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The FCC could force cellphone providers to report data breaches in a different way

The Federal Communications Commission (FCC) is considering new rules to update how telecommunications companies report on data breaches. Some of the additional steps FCC Chairwoman Jessica Rosenworcel shared in a notice Wednesday would require carriers to notify the FCC, as well as the Federal Bureau of Investigations and the US Secret Service, of any inadvertent…

The Federal Communications Commission is currently considering new rules that will update the way telecommunications companies report data breaches. FCC Chairwoman Jessica Rosenworcel explained that carriers must notify the FCC and the Federal Bureau of Investigations as well as US Secret Service of any unintentional or inadvertent breaches that could expose people’s personal data. It would also eliminate the seven-day waiting period that companies have to observe between notifying authorities about a breach and informing the public.

“The current law requires telecom carriers to protect the privacy of sensitive customer information,” Rosenworcel stated in a pressrelease regarding the proposal.

With data breaches increasing in frequency, sophistication and scale, and the consequences for consumers lasting long after leaks of personal information take place, I think it’s time for the FCC to modernize and clean up its data breach policies.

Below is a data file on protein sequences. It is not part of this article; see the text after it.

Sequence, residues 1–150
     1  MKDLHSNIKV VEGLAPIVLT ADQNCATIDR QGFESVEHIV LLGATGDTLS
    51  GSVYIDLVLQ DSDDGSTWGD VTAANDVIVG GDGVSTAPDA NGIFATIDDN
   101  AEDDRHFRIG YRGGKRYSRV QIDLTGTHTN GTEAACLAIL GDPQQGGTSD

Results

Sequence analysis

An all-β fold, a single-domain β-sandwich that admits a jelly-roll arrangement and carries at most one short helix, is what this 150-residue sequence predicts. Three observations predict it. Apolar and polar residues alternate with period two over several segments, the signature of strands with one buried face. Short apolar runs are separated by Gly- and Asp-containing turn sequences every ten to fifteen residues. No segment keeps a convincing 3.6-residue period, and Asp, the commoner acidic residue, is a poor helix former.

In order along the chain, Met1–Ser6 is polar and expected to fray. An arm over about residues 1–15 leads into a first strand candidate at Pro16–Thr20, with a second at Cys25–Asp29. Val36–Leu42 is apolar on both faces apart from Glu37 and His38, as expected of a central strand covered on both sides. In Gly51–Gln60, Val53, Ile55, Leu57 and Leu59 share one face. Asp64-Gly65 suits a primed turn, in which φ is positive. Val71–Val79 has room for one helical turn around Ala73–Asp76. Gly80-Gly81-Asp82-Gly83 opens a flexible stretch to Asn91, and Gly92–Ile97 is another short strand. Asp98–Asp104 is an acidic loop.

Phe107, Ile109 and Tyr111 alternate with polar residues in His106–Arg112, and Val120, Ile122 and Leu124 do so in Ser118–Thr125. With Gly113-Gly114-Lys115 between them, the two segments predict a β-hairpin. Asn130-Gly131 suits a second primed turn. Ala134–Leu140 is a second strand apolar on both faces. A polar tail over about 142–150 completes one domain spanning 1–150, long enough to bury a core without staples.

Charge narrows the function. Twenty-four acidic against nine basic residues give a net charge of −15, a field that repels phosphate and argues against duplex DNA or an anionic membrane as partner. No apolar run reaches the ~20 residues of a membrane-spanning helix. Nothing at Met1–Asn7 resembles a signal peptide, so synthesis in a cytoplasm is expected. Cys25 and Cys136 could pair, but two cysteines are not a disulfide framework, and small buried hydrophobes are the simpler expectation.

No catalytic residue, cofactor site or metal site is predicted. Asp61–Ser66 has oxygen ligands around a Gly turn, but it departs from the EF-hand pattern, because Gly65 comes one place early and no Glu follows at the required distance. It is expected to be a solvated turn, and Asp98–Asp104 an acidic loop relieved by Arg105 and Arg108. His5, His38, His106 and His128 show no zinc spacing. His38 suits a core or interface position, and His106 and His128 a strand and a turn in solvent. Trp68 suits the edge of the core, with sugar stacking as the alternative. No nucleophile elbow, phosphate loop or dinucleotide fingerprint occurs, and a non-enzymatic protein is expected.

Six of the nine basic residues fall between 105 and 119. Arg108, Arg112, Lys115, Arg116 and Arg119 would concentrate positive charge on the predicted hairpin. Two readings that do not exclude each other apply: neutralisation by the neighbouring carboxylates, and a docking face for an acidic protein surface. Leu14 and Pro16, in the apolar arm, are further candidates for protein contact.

https://t.co/Yn2QJ6KOnz

— Jessica Rosenworcel (@JRosenworcel) January 12, 2022

While this proposal starts the process towards actually changing the rules, the FCC did not offer a timeline for when to expect the next steps, such as a vote. The Commission has proposed a number of now-pending rules for telecom companies in recent months, including one in September month that would target what’s known as “SIM swapping” (a form of identity theft in which attackers take over your phone, often to get around two-factor authentication) and another in October month that would implement various measures to curb spam texts.

[Related: The FCC is trying to crack down on those annoying spam texts]

Data breaches using these methods and others are happening more often and affecting more people, the FCC explained in its newest proposal. In 2021, multiple telecommunications companies reported significant breaches, including Syniverse, which provides services to large providers such as AT&T, Verizon, and T-Mobile. T-Mobile also reported two additional breaches of its own in August and December. These combined attacks were believed to have affected millions of customers.

Congress has taken note of the mounting data breaches this year, and on Thursday, a bipartisan coalition of lawmakers announced the Terms-of-serv

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